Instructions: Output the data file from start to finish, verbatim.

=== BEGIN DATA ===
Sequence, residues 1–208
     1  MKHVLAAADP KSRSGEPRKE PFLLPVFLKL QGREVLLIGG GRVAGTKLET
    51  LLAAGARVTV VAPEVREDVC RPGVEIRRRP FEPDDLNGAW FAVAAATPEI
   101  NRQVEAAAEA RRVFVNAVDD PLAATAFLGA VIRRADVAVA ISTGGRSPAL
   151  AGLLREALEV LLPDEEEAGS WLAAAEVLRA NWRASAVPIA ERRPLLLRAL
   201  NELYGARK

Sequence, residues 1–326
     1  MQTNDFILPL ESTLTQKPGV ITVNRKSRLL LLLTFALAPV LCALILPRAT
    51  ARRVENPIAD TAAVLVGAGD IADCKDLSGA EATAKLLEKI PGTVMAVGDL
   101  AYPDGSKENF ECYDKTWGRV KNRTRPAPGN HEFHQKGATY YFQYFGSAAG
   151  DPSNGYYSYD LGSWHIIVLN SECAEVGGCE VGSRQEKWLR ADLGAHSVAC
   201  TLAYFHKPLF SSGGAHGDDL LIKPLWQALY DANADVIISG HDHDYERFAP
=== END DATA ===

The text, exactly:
Sequence, residues 1–208
     1  MKHVLAAADP KSRSGEPRKE PFLLPVFLKL QGREVLLIGG GRVAGTKLET
    51  LLAAGARVTV VAPEVREDVC RPGVEIRRRP FEPDDLNGAW FAVAAATPEI
   101  NRQVEAAAEA RRVFVNAVDD PLAATAFLGA VIRRADVAVA ISTGGRSPAL
   151  AGLLREALEV LLPDEEEAGS WLAAAEVLRA NWRASAVPIA ERRPLLLRAL
   201  NELYGARK

Sequence, residues 1–326
     1  MQTNDFILPL ESTLTQKPGV ITVNRKSRLL LLLTFALAPV LCALILPRAT
    51  ARRVENPIAD TAAVLVGAGD IADCKDLSGA EATAKLLEKI PGTVMAVGDL
   101  AYPDGSKENF ECYDKTWGRV KNRTRPAPGN HEFHQKGATY YFQYFGSAAG
   151  DPSNGYYSYD LGSWHIIVLN SECAEVGGCE VGSRQEKWLR ADLGAHSVAC
   201  TLAYFHKPLF SSGGAHGDDL LIKPLWQALY DANADVIISG HDHDYERFAP